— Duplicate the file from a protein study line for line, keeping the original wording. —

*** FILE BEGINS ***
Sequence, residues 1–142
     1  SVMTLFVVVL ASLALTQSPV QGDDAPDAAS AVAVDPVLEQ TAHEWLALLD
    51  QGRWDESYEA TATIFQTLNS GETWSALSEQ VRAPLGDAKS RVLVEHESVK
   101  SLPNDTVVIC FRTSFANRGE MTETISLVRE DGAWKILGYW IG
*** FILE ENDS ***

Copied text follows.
Sequence, residues 1–142
     1  SVMTLFVVVL ASLALTQSPV QGDDAPDAAS AVAVDPVLEQ TAHEWLALLD
    51  QGRWDESYEA TATIFQTLNS GETWSALSEQ VRAPLGDAKS RVLVEHESVK
   101  SLPNDTVVIC FRTSFANRGE MTETISLVRE DGAWKILGYW IG